I am currently an Assistant Professor of Biostaistics (tenure-track) at Brown University’s Department of Biostatistics. My methodological research centers around developing Bayesian methods for flexible causal effect estimation with observational data. These methods blend principled causal reasoning, nonparmetric Bayesian modeling, and efficient computation to build systems for data-driven decision making.
Most of my motivating applications have been in oncology - e.g. Bayesian nonparametric cost and cost/efficacy of estimation for endometrial cancer treatments; assessing treatment effect heterogeneity of photon therapy across cancer types. A related interest, that is inseparable from this work, is in methods for efficient MCMC computation. My current research is partially funded by a PCORI grant and focuses on developing Bayesian semiparametric methods for estimating and optimizing effects of sequential treatment strategies with applications in leukemia.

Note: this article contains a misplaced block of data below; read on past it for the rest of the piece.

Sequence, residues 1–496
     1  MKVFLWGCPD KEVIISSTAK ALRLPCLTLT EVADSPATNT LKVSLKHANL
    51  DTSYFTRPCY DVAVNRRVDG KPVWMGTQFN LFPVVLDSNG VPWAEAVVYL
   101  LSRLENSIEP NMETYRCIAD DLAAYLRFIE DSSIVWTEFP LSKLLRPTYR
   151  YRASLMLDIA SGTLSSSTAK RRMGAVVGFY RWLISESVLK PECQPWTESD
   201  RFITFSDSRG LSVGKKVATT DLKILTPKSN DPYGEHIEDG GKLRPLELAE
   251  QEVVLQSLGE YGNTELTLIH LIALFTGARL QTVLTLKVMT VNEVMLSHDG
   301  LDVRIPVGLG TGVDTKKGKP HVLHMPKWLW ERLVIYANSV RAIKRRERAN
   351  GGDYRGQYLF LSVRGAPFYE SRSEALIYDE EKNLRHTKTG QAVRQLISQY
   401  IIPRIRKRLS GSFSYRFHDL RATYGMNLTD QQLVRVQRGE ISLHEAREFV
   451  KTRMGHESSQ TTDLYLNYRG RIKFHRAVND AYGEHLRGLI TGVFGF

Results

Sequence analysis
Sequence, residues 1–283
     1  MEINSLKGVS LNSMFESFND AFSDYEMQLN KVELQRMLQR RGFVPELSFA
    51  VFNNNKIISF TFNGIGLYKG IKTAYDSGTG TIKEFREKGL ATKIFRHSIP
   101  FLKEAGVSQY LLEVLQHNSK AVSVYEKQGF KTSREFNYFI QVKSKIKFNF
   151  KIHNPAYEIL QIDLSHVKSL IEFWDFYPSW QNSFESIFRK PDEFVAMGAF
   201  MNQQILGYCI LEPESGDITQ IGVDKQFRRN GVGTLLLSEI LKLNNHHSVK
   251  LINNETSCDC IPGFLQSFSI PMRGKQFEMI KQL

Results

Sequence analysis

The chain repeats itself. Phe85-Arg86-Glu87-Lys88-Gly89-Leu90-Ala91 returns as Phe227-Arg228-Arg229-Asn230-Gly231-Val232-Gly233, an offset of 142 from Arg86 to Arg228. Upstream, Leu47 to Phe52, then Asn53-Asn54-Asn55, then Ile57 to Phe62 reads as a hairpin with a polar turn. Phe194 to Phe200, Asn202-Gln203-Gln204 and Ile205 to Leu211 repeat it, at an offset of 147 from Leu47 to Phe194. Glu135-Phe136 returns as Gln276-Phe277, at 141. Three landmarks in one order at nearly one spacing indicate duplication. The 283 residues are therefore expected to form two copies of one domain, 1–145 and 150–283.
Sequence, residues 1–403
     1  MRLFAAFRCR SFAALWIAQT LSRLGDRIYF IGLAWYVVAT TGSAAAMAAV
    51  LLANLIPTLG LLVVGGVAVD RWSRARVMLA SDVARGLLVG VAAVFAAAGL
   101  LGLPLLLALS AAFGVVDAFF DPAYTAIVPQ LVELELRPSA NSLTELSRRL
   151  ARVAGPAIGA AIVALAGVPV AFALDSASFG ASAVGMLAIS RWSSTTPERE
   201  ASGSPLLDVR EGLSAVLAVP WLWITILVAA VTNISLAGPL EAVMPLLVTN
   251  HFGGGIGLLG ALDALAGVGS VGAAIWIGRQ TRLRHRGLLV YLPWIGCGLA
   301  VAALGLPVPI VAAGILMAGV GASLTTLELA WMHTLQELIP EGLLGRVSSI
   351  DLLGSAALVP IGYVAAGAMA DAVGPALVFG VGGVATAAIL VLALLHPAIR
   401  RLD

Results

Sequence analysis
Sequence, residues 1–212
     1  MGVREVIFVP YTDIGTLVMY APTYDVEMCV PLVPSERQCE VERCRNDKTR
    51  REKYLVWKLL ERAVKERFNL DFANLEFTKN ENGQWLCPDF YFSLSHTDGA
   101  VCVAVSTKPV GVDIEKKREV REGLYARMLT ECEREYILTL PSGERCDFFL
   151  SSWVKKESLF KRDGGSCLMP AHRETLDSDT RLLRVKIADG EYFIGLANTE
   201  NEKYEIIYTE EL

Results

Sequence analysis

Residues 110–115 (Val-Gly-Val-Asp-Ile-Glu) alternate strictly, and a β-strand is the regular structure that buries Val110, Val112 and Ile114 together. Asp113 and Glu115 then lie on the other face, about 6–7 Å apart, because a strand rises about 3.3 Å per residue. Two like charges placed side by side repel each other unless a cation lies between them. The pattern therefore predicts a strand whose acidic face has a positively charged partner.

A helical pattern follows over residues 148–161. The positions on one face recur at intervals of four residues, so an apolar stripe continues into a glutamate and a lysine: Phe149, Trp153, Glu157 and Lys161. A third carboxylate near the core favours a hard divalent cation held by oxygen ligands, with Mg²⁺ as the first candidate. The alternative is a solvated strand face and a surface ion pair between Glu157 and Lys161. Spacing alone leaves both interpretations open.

I received my PhD in Biostatistics from the University of Pennsylvania under the supervision of Jason Roy and Nandita Mitra. Here you will find a link to my CV and a selection of some past and current research, talks, etc. I sometimes blog about statistics, Bayesian methods, computation/MCMC, and other things I happen to stumble upon during research.
PhD in Biostatistics, 2021
University of Pennsylvania
MS in Biostatistics, 2018
University of Pennsylvania
BA in Quantitative Economics, 2013
Providence College
Collaborative data analysis projects using Bayesian and/or Causal methods.
Bayesian modeling - flexiblilty, uncertainty quantification, full posterior inference.
Shrinkage, partial pooling, nonparametrics, and sensitivity analysis via priors - just some of the value Bayesian modeling can add to causal inference.
R Package for Dirichlet Process Mixtures of zero-inflated, logistic, and linear regressions.